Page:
Bike City, USA!

Monday, Nov. 15, 2010
The big Lewis and Clark Bridge spans the Columbia River between Longview, WA and Rainier, OR. Here 'tis:

Riding up the Washington side of the bridge, I took this photo of logs waiting to be loaded onto ships, trucks and trains:

At around 10:40AM I crossed from Washington into Oregon. There's a simple sign over the roadway at the apex of the bridge that says "Entering Oregon." Unfortunately, because of the rain and the dangerous conditions (narrow shoulder with traffic whizzing past), I was unable to get a photo of the sign. So I got the next best thing; the 'Welcome to Oregon' sign at the south end of the bridge:

Arriving in Oregon, one suddenly finds beautiful, wide, designated bike lanes:
I'll enjoy these while I have them!

Just out of Rainier, found this log train:

Then the drenching mist began and lasted for about an hour and a half as I rode US-30 toward Portland. The rain let up around the town of St. Helens and it was quite nice when I rode into BIKE CITY, USA!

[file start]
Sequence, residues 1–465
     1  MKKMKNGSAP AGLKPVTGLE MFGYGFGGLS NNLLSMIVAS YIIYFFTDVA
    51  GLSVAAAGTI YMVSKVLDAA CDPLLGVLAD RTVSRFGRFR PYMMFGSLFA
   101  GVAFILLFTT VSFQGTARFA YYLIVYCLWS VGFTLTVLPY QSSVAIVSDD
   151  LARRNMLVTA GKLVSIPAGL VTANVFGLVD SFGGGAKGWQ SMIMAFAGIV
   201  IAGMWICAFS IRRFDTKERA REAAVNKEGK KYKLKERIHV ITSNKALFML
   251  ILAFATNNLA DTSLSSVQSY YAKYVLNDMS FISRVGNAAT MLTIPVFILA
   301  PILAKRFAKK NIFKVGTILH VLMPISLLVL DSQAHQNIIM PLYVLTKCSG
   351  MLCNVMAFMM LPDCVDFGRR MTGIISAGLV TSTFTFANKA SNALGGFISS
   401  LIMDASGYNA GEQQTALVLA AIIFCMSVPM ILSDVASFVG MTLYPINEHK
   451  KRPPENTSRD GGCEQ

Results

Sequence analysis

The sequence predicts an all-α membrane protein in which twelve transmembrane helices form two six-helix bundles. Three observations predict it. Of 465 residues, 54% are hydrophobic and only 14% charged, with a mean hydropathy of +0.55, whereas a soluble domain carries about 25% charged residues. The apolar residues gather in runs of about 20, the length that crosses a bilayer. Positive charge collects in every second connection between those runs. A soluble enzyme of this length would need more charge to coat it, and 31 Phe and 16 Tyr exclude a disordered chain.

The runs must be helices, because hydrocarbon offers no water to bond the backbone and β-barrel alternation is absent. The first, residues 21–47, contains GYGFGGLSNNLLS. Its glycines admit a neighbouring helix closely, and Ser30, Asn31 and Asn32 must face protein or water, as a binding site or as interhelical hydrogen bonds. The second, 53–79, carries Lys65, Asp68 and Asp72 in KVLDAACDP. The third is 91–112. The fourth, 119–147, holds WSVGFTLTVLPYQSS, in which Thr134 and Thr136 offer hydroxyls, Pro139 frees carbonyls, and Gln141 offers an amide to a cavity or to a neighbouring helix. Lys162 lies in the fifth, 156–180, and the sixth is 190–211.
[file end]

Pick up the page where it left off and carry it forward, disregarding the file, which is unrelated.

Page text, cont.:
Portland prides itself on being the most bike-friendly city in the United States and riding through town, it's hard not to notice: Most roads have designated bike lanes. Approaching intersections, many bike lanes become green, alerting drivers to stay away. (Seattle now has a couple of these.) Nearly every business has bike racks out front and many street corners even have rows of bike racks taking up a whole car-size, curbside spot on the street. Lots of bike shops. Lots of people on bikes (although nothing like some European cities). And cars and trucks seem to be more cognizant and respectful of bicyclists than in Seattle.

I rode over the Willamette River heading east on Burnside to the Laurelhurst neighborhood where my sister's friends Sarah and Jason live with their two daughters, Ruah and Irie.

Jason and I walked over to Whole Foods to get ingredients for dinner and he gave me a tour of all the cool little businesses and establishments in their neighborhood.

Back at the house Jason made a fantastic stir-fry for dinner and they introduced me to a wonderful WA wine called Rusty Boar. (Currently available at your local Whole Foods for only $10!)

A big problem with this trip, I'm finding, is that after working so hard to get to a destination it is exceedingly difficult to pick up and move again the next morning! I'm finding myself wanting to stay and enjoy the area.

Portland is especially hard to leave. Partly thanks to Sarah and Jason's hospitality.

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